2005-01-14 / Sports

Now Headlining at Shea Stadium: Carlos Beltran

By Joe McDonald

Welcome to New York City Carlos Beltran. (AP Photo/Mary Altaffer)Welcome to New York City Carlos Beltran. (AP Photo/Mary Altaffer) Willie Mays once said Shea Stadium’s centerfield was the toughest to play in baseball.

That’s an interesting distinction considering that the Hall of Famer patrolled the great plains of centerfield at the Polo Grounds and the battled the gale force winds at Candlestick Park for most of his illustrious career.

“In New York, historically the National League franchise has had to have some great centerfielders,” Mets GM Omar Minaya said.

Whenever the Mets were competitive, they had someone who could pick in center. In 1969, Tommy Agee was performing miracle catches and in 1986, Lenny Dykstra and Mookie Wilson were getting dirty tracking down balls. Even Jay Payton roamed center with authority in 2000.

That’s why the signing of Carlos Beltran is so important to this club.

Mike Cameron played a good centerfield for the Mets last season, but Beltran may play it great. The former Astro played the outfield masterfully in tricky Minute Maid Park, so he should be able to bring panache back to defensive position 8 next season at Shea. Gone are the days of failed experiments (Keith Miller and Howard Johnson) and defensive disappointments (Darryl Hamilton and Brian McRae).

The 27 year-old doesn’t only give the Mets a centerfielder; he gives them a star. Beltran will be able to patrol his position with flair and excitement while becoming the cornerstone of the offense.

“I really believe this is great,” Beltran said at his press conference. “I really believe this is the new Mets. We’re going to go out and we’re going to try and get things done.”

It sounds like he is ready to lead the way.

Beltran should be able to jumpstart the middle of an aging line up that has had problems driving in key runs in the past few years. Yes he hit only .267 last season, but he had a career high in homers (38) and drove in 104 RBI. Remember that he changed leagues in the middle of last year and had to adjust to playing in the National League. Beltran’s playoff numbers (.435, 8 HR, 14 RBI) make up for any deficiencies that the centerfielder had in adjusting.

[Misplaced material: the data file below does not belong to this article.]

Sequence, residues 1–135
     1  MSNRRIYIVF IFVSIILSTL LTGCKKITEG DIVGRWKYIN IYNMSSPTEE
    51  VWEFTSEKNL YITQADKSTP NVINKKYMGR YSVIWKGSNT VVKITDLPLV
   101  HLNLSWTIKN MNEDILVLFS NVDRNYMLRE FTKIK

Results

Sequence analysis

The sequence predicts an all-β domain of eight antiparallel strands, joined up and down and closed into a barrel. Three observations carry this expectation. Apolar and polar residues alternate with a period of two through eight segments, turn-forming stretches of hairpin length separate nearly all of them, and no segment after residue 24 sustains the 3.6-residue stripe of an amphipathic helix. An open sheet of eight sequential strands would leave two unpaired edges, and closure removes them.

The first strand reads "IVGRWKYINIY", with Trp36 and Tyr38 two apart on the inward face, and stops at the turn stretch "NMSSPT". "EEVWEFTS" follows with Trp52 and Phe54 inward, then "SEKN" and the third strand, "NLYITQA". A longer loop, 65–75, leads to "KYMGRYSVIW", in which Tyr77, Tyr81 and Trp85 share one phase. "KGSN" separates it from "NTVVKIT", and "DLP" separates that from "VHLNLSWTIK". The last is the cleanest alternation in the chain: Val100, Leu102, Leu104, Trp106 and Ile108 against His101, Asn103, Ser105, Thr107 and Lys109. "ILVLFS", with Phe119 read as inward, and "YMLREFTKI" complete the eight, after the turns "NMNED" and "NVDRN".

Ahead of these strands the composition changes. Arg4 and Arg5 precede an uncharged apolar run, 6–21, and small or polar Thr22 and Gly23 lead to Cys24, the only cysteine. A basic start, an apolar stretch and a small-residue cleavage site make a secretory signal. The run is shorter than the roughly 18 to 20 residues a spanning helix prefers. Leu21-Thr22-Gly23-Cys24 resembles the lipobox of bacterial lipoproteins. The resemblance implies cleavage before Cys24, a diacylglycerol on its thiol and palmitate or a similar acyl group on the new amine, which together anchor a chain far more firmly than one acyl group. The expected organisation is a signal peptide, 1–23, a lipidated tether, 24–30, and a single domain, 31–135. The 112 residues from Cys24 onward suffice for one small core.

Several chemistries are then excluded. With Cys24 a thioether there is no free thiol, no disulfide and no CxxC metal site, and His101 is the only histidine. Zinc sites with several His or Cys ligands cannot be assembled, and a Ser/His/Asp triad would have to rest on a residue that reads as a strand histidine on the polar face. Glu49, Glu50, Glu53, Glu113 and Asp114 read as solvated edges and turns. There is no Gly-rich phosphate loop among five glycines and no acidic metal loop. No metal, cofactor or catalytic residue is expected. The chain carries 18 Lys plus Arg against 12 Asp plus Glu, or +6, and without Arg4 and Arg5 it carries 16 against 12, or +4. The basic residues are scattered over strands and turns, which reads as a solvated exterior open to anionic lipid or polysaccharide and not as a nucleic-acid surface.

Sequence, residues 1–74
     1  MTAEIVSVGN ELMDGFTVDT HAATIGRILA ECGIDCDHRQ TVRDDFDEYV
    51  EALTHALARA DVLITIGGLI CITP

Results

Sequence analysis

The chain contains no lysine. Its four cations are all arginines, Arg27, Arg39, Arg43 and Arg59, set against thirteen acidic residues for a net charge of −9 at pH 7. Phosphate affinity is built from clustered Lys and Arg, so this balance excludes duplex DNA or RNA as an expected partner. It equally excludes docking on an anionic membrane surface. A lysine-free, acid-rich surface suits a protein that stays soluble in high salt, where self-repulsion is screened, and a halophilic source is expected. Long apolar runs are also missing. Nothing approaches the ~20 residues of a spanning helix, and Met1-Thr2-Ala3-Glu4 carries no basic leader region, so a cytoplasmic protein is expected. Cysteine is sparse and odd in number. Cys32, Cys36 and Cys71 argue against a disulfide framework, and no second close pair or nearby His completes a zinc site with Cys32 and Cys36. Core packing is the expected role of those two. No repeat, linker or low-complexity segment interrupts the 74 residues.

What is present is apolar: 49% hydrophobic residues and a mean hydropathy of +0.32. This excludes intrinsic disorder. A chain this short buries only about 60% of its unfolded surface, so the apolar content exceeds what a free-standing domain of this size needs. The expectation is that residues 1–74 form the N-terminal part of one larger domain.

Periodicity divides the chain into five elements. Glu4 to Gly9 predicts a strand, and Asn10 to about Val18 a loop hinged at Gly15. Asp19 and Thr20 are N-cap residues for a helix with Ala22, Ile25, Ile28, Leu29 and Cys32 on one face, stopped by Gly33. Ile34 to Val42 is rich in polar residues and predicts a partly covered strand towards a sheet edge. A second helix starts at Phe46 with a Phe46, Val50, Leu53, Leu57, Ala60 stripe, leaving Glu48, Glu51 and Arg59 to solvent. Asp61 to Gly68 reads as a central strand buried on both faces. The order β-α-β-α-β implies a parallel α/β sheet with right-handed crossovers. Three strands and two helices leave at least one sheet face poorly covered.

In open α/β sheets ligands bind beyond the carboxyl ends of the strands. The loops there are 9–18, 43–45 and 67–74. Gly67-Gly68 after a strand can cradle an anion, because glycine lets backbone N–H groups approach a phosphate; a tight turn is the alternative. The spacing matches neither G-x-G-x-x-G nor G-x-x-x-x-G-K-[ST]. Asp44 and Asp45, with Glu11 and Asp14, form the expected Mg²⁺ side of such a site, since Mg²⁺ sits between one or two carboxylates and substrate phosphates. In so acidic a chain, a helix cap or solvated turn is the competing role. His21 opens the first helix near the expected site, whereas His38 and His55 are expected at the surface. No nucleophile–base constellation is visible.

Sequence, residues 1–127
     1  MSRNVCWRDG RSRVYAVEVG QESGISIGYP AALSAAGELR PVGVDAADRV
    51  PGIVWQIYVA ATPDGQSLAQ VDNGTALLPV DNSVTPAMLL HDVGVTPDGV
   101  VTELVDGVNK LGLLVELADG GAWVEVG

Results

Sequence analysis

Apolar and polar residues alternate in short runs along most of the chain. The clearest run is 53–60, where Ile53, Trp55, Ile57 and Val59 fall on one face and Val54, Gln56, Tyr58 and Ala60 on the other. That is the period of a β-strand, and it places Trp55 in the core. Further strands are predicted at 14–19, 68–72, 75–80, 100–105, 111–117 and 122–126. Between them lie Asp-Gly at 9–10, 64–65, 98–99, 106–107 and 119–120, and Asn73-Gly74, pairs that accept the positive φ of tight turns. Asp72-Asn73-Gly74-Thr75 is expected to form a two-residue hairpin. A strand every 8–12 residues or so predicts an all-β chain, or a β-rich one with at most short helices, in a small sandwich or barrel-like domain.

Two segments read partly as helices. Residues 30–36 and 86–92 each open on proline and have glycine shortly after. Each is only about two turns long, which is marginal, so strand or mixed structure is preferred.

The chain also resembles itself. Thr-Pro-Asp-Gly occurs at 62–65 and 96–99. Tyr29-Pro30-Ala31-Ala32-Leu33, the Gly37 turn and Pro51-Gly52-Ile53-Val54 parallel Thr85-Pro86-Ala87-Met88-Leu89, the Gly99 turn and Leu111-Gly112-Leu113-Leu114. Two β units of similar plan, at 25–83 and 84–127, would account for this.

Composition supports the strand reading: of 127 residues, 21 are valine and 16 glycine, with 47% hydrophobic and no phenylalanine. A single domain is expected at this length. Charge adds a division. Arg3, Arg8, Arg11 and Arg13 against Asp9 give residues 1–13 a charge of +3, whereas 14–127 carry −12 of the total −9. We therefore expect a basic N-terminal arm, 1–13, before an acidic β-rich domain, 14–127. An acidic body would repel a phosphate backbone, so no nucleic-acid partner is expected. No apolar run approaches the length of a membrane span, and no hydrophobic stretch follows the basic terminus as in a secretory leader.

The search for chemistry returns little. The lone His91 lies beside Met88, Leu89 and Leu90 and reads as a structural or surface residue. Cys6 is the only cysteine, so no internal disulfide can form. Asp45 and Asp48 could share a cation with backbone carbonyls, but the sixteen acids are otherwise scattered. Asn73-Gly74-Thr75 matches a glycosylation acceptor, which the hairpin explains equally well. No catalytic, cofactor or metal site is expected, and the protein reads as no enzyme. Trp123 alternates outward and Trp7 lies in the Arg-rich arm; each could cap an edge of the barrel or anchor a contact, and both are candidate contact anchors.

Even though he played in Houston for half a season, Beltran spent most of his career playing in Kansas City. Since Kauffman Stadium is a larger stadium, you can expect the outfielder to have an easier time adjusting to the pitchers haven in Flushing.

The Mets also have a new face for the organization. With this expected to be Mike Piazza’s last year, Beltran can come in and seamlessly take the mantle of team star from the future Hall of Famer.

Before this signing, the Mets were hard pressed to pin point which player they would be marketing as the team’s front man. David Wright would be a nice choice, but it’s hard to toss a 22 year-old into that position, the same with Jose Reyes. The rest of the lineup fills out a supporting cast and could not headline. Since the starting pitchers take the mound every five days, it is impossible to hand it to them as well. Beltran gives the Mets a new leading man.

New York has its future. The outfielder will get better as a player as he reaches his prime over the next few seasons. If the Mets prize plays like he is expected, centerfield will be well manned early into the next decade when the Olympics come to New York.

Heck if he leads his team to a World Championship, Beltran could carry the torch. But that’s in the future and New Yorkers only care about this year.

“I don’t know if we’re going to make the playoffs this year,” Beltran said. “I’m just saying, the last three years, this organization had lost over 90 games. I really believe we can do a lot better than that.”

The Mets already have.

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